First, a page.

Looking much as it did back in 1620 when the city was founded, Kakunodate in Akita Prefecture boasts authentic Edo period architecture in two distinct areas. The impressive samurai and merchant quarters will give you an idea of life in Japan's feudal past.
Just outside the city is Dakigaeri Gorge, a mountain valley that is great for a nature walk along the Tama River through cedar forests and over suspension bridges and trestles.
Kakunodate is known for its weeping cherry trees, which are a bit gaudier than those of the classic cherry trees most people see blossoming during the spring.
Kakunodate is accessible by bus, shinkansen and airplane.
From Tokyo, it's a three-hour trip on the JR Akita Shinkansen, which stops at Kakunodate Station, or a one-hour flight from Tokyo Haneda Airport to Akita Airport. Ugo Kotsu and Enoden Bus operate a daily night bus from Yokohama and Tokyo to Lake Tazawa that stops in Kakunodate.
More than a million people journey to see Kakunodate's thousands of cherry trees bloom, making it one of the country's most famous hanami or cherry blossom viewing spots. The blossoms that line the streets and river banks are at their best during late April or early May.
The weeping cherry trees in the samurai district were planted in the 17th century, brought back from Kyoto by local samurai families. With their melancholy beauty, these cherry blossom trees granted the families even greater status amongst the locals. Stroll under the blooms in the streets of the samurai quarter for an authentic cherry blossom viewing experience.
Somei yoshino cherry trees, the most common variety in Japan, with their full light pink blossoms, were also planted along the Hinokinai River, a popular picnic spot during full bloom. Bring some food and drink to the riverbank and join the locals to party under the gently falling petals.
Flourishing as a castle town in the early 17th century, the samurai district homes in Kakunodate have been preserved in a marvelously unspoiled state. Strolling the wide streets, it's easy to imagine the area filled with historical figures.
Explore the area where 80 samurai families once lived, and see the best examples of Japanese residential architecture from the 17th and 18th centuries. These houses show how middle-class and wealthy samurai families lived. Six are open to the public, including Aoyagi House, which is impressive for its size, layout and collection of historical artifacts.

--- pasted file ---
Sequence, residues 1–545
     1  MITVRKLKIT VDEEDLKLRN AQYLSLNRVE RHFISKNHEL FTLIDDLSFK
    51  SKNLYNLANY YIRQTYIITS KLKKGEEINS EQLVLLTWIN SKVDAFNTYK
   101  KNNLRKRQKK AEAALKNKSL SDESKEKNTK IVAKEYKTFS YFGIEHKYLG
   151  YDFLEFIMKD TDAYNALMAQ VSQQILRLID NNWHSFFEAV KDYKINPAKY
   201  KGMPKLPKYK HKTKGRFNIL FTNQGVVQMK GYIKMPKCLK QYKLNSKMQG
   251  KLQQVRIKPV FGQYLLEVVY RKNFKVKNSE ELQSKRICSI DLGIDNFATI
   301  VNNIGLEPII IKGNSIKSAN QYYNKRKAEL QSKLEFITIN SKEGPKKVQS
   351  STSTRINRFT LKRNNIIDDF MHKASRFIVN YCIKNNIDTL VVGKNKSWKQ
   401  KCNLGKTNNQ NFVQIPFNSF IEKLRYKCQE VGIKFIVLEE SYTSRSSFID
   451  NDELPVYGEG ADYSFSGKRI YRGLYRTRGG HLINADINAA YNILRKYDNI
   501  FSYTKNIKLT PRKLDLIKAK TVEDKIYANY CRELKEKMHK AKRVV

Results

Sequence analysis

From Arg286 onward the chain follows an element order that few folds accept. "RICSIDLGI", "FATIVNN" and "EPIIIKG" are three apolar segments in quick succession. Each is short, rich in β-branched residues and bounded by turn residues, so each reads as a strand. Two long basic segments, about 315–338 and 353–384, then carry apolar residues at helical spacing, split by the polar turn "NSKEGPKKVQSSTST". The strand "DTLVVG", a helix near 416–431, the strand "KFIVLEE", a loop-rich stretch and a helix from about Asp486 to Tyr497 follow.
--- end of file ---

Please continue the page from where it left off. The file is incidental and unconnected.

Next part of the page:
The Aoyagi House provides an opportunity to understand Japan's feudal period through dynamic displays. There are museums, galleries, a restaurant, and gift shop within the house.
Just down the street is Ishiguro House. Still a private home, it's not as fully open to visitors, but does feature an impressive storeroom vault and some of Japan's first anatomical journals and notes.
Kakunodate is beautiful in fall, and marks the season with a festival in early September called Kakunodate Matsuri no Yama Gyoji that dates back more than 350 years. Massive seven-ton floats are pulled through the town accompanied by traditional dancers and music.
Dating from 1620, Kakunodate's merchant district was separate from the samurai district, reflecting the division between the classes at the time.
Stroll along the wide streets lined with historic buildings that remain largely unchanged. The impressive brick structure of the Ando Jozo Miso storehouse stocks miso and soy sauce, which have been produced using the same method for over 150 years. Buy some to take home a taste of history.
Many local crafts use Kakunodate's cherry-tree bark, beginning when a 17th-century samurai named Fujimura Hikoroku began working with it. This stunning craftsmanship is used to make trinkets, jewelry boxes and furniture.
The red brick Denshokan Museum exhibits various regional crafts and offers demonstrations of kabazaiku (cherry-bark art) in which boxes, tea implements and pieces of furniture are covered with cherry bark.
Hike up the town's steep hillside to where the local fortress, Kakunodate Castle, once stood. Though no traces of the original castle remain, the commanding view of the surrounding area explains why the site was chosen in the 1500s. The castle made Kakunodate the heart of the region's power.
When the city's cherry blossom trees are in full bloom, the view from the top of the hill is of pink and white fluffy clouds, making it a popular spot during the spring.
Before you go, be sure to grab some of the town's traditional sweets, called morokoshi. Made from refined adzuki beans, they make a delicious souvenir.